Environment variables in Compose

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There are multiple parts of Compose that deal with environment variables in one sense or another. This page should help you find the information you need.

Substitute environment variables in Compose files

It’s possible to use environment variables in your shell to populate values inside a Compose file:

web:
  image: "webapp:${TAG}"

For more information, see the Variable substitution section in the Compose file reference.

Set environment variables in containers

You can set environment variables in a service’s containers with the ‘environment’ key, just like with docker run -e VARIABLE=VALUE ...:

web:
  environment:
    - DEBUG=1

Pass environment variables to containers

You can pass environment variables from your shell straight through to a service’s containers with the ‘environment’ key by not giving them a value, just like with docker run -e VARIABLE ...:

web:
  environment:
    - DEBUG

The value of the DEBUG variable in the container is taken from the value for the same variable in the shell in which Compose is run.

The “env_file” configuration option

You can pass multiple environment variables from an external file through to a service’s containers with the ‘env_file’ option, just like with docker run --env-file=FILE ...:

web:
  env_file:
    - web-variables.env

Set environment variables with ‘docker-compose run’

Just like with docker run -e, you can set environment variables on a one-off container with docker-compose run -e:

docker-compose run -e DEBUG=1 web python console.py

You can also pass a variable through from the shell by not giving it a value:

docker-compose run -e DEBUG web python console.py

The value of the DEBUG variable in the container is taken from the value for the same variable in the shell in which Compose is run.

The “.env” file

You can set default values for any environment variables referenced in the Compose file, or used to configure Compose, in an environment file named .env:

$ cat .env
TAG=v1.5

$ cat docker-compose.yml
version: '3'
services:
  web:
    image: "webapp:${TAG}"

When you run docker-compose up, the web service defined above uses the image webapp:v1.5. You can verify this with the config command, which prints your resolved application config to the terminal:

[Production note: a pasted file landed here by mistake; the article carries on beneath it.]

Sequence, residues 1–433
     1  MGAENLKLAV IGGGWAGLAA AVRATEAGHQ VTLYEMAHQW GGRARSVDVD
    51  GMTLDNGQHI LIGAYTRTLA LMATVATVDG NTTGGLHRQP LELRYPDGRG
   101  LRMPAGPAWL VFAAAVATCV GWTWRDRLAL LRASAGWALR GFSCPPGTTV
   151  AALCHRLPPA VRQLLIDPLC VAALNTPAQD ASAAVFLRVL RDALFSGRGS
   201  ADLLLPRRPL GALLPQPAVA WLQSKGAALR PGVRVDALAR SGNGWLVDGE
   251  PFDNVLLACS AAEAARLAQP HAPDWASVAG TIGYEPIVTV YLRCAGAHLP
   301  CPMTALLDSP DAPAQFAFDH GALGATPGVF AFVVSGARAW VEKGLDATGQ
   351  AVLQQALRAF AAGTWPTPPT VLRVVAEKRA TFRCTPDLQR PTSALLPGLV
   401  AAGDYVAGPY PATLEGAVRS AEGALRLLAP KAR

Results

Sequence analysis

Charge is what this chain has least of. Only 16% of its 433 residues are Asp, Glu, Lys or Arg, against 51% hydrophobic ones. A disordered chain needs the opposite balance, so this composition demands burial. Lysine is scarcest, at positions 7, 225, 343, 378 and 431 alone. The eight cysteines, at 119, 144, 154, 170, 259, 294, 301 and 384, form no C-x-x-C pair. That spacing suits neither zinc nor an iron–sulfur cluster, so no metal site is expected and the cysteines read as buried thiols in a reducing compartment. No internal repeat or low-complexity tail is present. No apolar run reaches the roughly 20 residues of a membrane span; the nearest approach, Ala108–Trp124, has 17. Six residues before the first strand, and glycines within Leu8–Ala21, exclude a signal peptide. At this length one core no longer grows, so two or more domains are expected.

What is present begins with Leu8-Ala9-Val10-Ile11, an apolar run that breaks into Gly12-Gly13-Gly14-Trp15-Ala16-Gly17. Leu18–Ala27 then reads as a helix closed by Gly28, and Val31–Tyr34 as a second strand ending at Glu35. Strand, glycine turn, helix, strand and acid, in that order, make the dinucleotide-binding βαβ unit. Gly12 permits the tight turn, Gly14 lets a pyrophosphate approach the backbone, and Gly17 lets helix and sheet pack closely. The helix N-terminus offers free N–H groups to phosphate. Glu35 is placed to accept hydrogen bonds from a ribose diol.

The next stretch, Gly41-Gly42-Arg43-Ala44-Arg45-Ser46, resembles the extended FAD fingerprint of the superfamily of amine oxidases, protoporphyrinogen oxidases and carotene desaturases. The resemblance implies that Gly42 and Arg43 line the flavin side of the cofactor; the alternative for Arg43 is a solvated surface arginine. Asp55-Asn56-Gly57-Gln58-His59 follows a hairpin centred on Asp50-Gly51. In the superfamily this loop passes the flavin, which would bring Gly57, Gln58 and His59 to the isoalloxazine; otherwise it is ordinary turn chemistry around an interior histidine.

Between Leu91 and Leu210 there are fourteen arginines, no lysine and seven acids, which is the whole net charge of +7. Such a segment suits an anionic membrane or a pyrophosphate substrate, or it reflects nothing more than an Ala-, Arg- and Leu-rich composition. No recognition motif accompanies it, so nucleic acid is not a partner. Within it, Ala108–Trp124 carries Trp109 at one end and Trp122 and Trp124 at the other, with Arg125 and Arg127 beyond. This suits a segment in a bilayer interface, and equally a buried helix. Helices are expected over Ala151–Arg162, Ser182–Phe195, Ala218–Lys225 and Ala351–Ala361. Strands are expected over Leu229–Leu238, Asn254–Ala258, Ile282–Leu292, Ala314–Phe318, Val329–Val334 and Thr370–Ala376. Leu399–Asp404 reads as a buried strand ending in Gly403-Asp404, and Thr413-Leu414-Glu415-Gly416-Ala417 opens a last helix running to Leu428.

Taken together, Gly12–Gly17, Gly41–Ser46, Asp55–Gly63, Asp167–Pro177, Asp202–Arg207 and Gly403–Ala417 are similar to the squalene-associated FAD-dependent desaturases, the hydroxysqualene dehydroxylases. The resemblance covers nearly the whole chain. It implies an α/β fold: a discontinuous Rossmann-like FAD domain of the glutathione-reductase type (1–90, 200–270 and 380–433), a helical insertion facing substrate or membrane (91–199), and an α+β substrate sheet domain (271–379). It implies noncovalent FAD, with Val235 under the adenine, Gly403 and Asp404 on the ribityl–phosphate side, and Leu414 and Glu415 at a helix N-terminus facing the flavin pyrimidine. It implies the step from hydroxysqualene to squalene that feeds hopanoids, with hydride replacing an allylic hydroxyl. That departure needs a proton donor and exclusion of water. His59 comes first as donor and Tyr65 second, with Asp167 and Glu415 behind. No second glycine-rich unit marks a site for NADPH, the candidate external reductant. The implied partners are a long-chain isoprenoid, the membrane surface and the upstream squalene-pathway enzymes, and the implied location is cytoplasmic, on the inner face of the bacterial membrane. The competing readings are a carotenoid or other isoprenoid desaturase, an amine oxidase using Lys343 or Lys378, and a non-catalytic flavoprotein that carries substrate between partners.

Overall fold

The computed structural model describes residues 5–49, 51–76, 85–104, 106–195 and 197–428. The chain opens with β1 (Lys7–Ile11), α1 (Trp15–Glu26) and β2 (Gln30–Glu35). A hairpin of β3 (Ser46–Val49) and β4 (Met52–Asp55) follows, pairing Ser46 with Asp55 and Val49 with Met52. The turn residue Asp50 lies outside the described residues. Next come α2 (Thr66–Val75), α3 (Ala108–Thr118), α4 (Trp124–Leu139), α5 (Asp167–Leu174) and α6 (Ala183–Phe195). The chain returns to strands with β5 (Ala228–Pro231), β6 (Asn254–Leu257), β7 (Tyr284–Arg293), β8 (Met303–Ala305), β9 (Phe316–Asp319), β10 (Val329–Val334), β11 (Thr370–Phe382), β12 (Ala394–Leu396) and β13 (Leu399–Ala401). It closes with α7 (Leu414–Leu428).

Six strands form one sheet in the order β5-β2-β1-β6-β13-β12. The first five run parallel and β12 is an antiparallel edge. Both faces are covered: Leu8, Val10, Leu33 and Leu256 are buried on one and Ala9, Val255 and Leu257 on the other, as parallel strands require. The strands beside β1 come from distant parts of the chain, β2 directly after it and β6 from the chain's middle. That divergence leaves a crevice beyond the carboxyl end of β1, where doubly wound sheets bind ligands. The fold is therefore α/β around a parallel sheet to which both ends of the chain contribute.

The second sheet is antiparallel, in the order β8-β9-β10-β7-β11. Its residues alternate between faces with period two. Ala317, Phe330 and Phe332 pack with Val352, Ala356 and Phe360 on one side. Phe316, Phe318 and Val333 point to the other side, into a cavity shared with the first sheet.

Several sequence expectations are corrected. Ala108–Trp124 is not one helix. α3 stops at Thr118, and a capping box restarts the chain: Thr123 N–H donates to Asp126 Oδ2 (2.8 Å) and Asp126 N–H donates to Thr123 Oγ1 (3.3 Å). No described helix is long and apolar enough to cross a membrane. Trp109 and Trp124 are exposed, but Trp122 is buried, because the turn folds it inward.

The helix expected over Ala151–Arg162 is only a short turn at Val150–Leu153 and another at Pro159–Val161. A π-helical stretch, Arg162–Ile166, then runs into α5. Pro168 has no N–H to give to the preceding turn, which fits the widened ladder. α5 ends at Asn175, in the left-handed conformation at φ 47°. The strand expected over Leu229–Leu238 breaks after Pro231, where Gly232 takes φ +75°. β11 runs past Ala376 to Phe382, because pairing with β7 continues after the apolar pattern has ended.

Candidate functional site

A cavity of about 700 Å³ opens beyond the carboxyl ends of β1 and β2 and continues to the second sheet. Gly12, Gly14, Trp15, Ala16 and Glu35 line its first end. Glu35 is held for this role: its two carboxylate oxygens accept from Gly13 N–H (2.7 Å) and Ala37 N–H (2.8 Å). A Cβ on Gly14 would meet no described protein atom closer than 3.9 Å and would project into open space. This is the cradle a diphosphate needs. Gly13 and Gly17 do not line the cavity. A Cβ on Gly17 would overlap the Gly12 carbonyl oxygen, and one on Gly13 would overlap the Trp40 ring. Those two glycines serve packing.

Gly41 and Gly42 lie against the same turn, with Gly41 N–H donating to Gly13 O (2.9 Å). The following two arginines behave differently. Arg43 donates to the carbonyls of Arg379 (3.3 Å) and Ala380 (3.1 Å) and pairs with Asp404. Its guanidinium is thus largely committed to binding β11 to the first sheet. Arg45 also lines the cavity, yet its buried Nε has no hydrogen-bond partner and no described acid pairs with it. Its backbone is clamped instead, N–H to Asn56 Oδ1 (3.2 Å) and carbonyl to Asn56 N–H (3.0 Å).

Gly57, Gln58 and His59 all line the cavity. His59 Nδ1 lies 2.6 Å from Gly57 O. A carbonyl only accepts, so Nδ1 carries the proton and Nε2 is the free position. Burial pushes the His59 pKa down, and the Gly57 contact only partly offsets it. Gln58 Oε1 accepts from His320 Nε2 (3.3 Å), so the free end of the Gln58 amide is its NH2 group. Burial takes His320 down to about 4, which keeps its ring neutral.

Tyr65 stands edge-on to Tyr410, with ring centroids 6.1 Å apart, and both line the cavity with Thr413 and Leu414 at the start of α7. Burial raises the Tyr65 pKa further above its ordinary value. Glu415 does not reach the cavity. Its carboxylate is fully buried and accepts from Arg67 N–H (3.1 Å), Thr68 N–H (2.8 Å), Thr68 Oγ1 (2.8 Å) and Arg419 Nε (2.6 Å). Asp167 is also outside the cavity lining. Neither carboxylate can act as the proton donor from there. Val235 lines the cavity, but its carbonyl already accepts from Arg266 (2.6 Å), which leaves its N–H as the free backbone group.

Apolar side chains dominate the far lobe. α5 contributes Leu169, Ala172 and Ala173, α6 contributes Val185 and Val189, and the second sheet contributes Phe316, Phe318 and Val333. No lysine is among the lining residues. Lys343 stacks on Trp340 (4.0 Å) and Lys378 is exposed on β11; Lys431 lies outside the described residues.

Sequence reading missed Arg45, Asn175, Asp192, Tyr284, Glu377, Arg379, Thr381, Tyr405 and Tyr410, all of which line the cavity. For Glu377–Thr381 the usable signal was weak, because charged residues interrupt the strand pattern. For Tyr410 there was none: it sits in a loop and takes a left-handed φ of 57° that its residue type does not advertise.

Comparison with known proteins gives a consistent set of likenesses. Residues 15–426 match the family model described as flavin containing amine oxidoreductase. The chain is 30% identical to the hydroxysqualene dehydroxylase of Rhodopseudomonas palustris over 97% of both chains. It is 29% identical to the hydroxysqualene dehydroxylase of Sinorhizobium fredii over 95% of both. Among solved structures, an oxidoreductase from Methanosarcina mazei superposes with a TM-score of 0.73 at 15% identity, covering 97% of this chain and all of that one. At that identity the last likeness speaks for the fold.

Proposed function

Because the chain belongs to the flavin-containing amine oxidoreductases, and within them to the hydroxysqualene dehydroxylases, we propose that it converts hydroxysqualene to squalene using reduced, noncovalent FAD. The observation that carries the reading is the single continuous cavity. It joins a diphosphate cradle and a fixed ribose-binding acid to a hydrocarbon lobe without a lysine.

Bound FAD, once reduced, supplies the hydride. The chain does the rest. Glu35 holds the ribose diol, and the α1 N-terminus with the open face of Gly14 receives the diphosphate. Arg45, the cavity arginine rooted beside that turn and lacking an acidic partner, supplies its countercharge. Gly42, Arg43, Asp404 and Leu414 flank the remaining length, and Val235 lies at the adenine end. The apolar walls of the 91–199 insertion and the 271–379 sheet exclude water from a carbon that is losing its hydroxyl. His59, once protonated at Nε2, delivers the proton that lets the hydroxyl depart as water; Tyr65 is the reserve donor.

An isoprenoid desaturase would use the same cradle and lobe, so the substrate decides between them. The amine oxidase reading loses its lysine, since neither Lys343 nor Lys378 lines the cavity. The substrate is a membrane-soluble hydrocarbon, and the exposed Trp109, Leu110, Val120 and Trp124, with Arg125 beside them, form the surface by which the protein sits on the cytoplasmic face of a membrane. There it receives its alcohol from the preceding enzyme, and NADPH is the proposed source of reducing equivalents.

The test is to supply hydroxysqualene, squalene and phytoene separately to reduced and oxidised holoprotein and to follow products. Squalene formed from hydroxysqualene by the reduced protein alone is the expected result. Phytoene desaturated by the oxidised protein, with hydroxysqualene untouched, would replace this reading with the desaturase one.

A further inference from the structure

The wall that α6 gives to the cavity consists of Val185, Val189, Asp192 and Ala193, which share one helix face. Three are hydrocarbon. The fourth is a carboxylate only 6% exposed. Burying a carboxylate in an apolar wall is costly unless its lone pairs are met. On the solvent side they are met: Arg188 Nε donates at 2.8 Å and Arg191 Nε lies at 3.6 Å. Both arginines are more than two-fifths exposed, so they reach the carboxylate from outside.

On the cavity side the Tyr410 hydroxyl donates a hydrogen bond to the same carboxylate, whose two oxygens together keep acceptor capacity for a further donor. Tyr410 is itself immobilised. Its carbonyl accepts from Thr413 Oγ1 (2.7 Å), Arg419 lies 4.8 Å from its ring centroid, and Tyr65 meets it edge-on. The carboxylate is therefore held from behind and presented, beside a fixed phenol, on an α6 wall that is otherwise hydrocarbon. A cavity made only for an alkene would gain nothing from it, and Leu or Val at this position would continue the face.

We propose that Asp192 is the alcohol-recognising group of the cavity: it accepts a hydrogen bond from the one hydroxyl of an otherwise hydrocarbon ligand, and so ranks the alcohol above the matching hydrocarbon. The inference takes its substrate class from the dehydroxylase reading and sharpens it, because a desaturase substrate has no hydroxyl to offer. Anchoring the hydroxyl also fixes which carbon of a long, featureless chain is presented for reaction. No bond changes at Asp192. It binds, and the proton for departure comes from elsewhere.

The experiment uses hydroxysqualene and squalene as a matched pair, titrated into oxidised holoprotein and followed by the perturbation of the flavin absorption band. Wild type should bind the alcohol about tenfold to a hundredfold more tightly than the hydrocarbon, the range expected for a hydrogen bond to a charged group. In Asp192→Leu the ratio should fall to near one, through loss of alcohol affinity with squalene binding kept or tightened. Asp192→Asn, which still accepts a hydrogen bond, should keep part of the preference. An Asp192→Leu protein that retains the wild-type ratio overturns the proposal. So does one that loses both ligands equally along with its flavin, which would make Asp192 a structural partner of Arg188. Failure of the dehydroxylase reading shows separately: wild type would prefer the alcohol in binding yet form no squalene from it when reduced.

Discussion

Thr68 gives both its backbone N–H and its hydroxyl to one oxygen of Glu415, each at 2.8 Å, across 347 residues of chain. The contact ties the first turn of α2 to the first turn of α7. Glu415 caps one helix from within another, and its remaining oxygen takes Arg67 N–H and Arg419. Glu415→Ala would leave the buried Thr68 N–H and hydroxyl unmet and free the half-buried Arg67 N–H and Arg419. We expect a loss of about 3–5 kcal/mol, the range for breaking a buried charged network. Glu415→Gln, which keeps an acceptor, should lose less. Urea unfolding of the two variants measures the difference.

$ docker-compose config

version: '3'
services:
  web:
    image: 'webapp:v1.5'

Values in the shell take precedence over those specified in the .env file. If you set TAG to a different value in your shell, the substitution in image uses that instead:

$ export TAG=v2.0
$ docker-compose config

version: '3'
services:
  web:
    image: 'webapp:v2.0'

When you set the same environment variable in multiple files, here’s the priority used by Compose to choose which value to use:

  1. Compose file,
  2. Environment file,
  3. Dockerfile,
  4. Variable is not defined.

In the example below, we set the same environment variable on an Environment file, and the Compose file:

$ cat ./Docker/api/api.env
NODE_ENV=test

$ cat docker-compose.yml
version: '3'
services:
  api:
    image: 'node:6-alpine'
    env_file:
     - ./Docker/api/api.env
    environment:
     - NODE_ENV=production

When you run the container, the environment variable defined in the Compose file takes precedence.

$ docker-compose exec api node

> process.env.NODE_ENV
'production'

Having any ARG or ENV setting in a Dockerfile evaluates only if there is no Docker Compose entry for environment or env_file.

Specifics for NodeJS containers

If you have a package.json entry for script:start like NODE_ENV=test node server.js, then this overrules any setting in your docker-compose.yml file.

Configure Compose using environment variables

Several environment variables are available for you to configure the Docker Compose command-line behavior. They begin with COMPOSE_ or DOCKER_, and are documented in CLI Environment Variables.

When using the ‘links’ option in a v1 Compose file, environment variables are created for each link. They are documented in the Link environment variables reference.

However, these variables are deprecated. Use the link alias as a hostname instead.

compose, orchestration, environment, env file